Twitter account of PM Modi's personal website hacked — asks followers for Bitcoin and Ethereum donations
- The official handle for Prime Minister Narendra Modi's personal website was hacked early morning on Thursday.
- The hacker behind the breach was asking users to donate Bitcoin and Ethereum to the PM's National Relief Fund.
- The tweets have no been removed and Twitter is 'actively investigating' the issue.
- A cybercriminal group called 'John Wick' has claimed responsibility for the attack.
AdvertisementThe Twitter handle of Indian Prime Minister Narendra Modi's personal website was hacked on Thursday morning. And, just like with former US President
National Relief Fund.
However, Twitter claims that this particular breach was not due to a compromise of its systems or service. "There is no indication or evidence of any correlation between this account compromise and the incident that took place in July," the company said in a statement shared with IANS.
The tweets have now been removed from the social networking platform. Twitter has confirmed that it's aware of the malicious activity and is taking steps to secure the compromised account. "We are actively investigating the situation. At this time, we are not aware of additional accounts being impacted," a Twitter spokeswoman told Reuters.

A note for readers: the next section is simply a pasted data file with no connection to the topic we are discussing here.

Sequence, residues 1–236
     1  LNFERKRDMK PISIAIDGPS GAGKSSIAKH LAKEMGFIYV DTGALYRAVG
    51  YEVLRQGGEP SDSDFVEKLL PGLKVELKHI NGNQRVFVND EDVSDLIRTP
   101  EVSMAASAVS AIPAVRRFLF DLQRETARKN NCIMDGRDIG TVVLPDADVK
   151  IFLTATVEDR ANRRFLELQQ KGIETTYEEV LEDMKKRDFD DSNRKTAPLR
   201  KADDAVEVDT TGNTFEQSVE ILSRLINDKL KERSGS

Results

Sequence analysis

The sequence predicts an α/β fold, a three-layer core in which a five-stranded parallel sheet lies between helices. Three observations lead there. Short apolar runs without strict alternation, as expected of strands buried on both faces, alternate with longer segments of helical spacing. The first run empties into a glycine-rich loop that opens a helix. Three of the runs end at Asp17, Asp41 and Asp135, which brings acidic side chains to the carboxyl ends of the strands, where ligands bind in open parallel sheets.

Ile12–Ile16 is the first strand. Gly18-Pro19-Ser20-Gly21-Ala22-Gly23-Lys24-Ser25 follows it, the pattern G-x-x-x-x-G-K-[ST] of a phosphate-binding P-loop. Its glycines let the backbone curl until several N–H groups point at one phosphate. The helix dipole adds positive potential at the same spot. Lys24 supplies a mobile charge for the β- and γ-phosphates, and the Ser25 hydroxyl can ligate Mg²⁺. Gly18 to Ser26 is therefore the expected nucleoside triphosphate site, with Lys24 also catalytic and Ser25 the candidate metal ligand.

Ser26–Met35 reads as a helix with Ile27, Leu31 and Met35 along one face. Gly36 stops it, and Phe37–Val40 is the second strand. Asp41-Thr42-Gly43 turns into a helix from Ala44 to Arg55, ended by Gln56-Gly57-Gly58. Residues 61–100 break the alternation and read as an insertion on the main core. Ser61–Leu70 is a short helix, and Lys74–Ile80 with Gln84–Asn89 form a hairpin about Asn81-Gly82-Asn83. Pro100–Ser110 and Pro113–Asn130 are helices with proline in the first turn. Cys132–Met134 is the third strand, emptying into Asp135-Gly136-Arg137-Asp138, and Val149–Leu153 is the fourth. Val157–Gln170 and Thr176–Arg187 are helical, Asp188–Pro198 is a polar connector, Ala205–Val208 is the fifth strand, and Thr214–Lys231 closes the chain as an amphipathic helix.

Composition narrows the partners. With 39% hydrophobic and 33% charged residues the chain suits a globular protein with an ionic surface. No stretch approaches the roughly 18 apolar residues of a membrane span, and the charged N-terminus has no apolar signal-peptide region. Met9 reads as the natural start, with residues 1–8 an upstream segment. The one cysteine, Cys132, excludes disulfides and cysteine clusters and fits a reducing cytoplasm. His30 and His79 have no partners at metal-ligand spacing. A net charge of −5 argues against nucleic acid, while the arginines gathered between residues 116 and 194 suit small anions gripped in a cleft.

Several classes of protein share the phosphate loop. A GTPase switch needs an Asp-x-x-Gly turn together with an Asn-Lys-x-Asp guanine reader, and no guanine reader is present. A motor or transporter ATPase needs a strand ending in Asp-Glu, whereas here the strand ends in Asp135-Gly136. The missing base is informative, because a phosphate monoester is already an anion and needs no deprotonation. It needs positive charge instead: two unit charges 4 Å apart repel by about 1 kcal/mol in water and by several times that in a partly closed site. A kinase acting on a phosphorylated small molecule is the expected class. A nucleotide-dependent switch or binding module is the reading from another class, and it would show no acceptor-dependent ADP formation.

The handle @narendramodi_in has over 2.5 million followers. It should not be confused with Modi's personal Twitter account, @narendramodi, which has over 61 million followers.
'John Wick' claims responsibility
The attack was reportedly perpetrated by a cybercriminal group called 'John Wick'. "This account is hacked by John Wick (firstname.lastname@example.org), we have not hacked Paytm Mall," the group posted after taking over the Twitter account.
The authenticity of the claims has not yet been verified.
This is the second bitcoin scam on Twitter in less than two months
Less than two months ago, 130 high-profile Twitter accounts, including Microsoft founder
The hackers were able to seize control of these accounts by exploiting the loopholes in Twitter's own internal administration tools. "Since the attack, we've significantly limited access to our internal tools and systems to ensure ongoing account security while we complete our investigation," the social network said in a statement.
While it may be obvious to some that the tweets promising to double your Bitcoin were a scam, the attackers were still able to reportedly run off with more than $100,000.
What makes the situation more complicated is that cryptocurrencies are extremely hard to track. The accounts which were used to accommodate the transactions were emptied out before they could be identified.
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